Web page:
THE WOODS #1
Written by James Tynion IV
Art by Michael Dialynas
Published by BOOM! Studios
Release Date: May 7, 2014
Here’s your premise: high school drama. Alien abduction. Monsters. Creepy forest. Band of misfits. Mysterious quest. The Woods celebrates the authentic teenage angst of Freaks & Geeks, the sci-fi weirdness of Buffy, and a splash of horror. Throw in a little European “children lost in the woods” fairy tale dust and you have something that can’t really be put into one storytelling box. It’s delightfully weird and fun and spooky, and the art is fantastic.
A school gets transported to another planet. There’s a weird marker outside, and the hipster kid you probably wanted to punch in high school is talking to it. He puts together a posse, and off they go into a forest that would make a Disney villain jealous. There is an implication from page 1 that perhaps this has happened before. The fun thing about how the first issue unfolds is that James Tynion shows the high school hierarchy destratified – most kids don’t have the strict clique-based experience stereotyped in a lot of teen movies. There are infinite connections between groups. Those relationships are upended further when all the crazy horror-space stuff happens, turning the entire thing into a social experiment. Hopefully everyone has completed their mandatory reading of Lord of the Flies so they can avoid any dark explorations of baser human nature in absence of the social contract. That sure would be bad, wouldn’t it?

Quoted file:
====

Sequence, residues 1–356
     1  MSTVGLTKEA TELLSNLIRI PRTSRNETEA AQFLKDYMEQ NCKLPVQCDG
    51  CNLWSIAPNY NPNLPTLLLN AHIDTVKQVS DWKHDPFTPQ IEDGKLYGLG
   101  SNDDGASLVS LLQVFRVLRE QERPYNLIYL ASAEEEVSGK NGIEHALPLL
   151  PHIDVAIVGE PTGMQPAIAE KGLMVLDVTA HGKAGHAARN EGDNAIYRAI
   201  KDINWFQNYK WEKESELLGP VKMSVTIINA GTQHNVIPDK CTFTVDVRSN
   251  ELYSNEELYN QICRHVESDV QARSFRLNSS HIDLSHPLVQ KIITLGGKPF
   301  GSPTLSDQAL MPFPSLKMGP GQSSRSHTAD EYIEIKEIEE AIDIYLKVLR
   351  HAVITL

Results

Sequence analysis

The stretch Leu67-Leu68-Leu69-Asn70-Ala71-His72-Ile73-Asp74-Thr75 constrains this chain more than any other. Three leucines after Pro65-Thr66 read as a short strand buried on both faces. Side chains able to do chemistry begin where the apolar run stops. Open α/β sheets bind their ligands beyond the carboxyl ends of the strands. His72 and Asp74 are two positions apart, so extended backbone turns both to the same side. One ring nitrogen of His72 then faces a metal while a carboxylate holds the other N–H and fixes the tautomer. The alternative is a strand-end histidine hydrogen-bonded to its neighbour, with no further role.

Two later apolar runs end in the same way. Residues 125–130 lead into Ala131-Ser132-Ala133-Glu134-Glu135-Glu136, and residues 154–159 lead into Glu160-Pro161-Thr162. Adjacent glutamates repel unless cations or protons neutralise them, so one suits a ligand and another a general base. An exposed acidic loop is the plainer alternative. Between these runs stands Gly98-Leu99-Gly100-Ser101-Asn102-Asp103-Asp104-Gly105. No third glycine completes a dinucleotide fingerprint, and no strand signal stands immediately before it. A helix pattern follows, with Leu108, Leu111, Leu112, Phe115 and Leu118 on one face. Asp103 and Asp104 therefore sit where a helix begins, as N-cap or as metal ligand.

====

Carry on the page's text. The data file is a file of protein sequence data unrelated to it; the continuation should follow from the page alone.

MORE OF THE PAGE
I also didn’t realize until my second read how representative the cast is – across gender, ethnicity, and sexuality. Not to say it’s the total prism of human experience, but it’s the casual way that we’re introduced to it – how not a big deal it is – that warms my heart. This is how it should be. Writing representation isn’t hard. Four for you, James Tynion. You go, James Tynion. As with any good horror story that involves monsters and teenagers, the trope of the clueless grownups is my favorite thing. Of course, in case you thought it was all fun and games, there’s a student being eaten by a gruesome bat-horse-alien-thing to remind you that there are no safe places for anyone.
Michael Dialynas’s art is perfect for this kind of story. He draws distinct looking people, even though his style is intentionally cartoonish – it adds to the fantasy of the story, without depriving the characters of a real personality. Where Dialynas really shines are the dramatic settings outside the school. The trees surrounding everyone are twisted and gnarled like they could grab someone at any moment. The wide panorama of the planet’s surface with the sky full of foreign celestial bodies delivers an awesome “We’re not in Kansas anymore” moment. Those scenes are made even better by the color palette of purples, pinks, deep reds, and cool blue-greens. It’s all very dark, very foreboding, and very alien. Props to Josan Gonzalez for doing so much to set the mood.
Hopefully the story will split time between the core team heading out into the woods and the rest of the student body and faculty remaining in the school. It would be an interesting juxtaposition; the desperate white-knuckle grab to maintain order versus the courageous/stupid embracing of the chaotic unknown. It’s wonderful to see James Tynion on something without superheroes. If the rest of the story is as fun as the first issue, I’m looking forward to watching him stretch his legs.
The Verdict: 9.0/10